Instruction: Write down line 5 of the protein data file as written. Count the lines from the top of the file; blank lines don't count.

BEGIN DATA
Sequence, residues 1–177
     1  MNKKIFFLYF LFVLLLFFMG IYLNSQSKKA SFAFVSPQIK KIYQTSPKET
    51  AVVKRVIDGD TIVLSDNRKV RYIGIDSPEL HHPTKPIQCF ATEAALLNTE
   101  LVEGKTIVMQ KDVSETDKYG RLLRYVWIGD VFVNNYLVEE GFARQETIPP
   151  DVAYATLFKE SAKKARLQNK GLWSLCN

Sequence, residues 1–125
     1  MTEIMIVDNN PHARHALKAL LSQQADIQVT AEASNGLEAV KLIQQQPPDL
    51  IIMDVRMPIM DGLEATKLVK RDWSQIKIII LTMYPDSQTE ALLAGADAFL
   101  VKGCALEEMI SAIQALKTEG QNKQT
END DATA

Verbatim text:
   151  DVAYATLFKE SAKKARLQNK GLWSLCN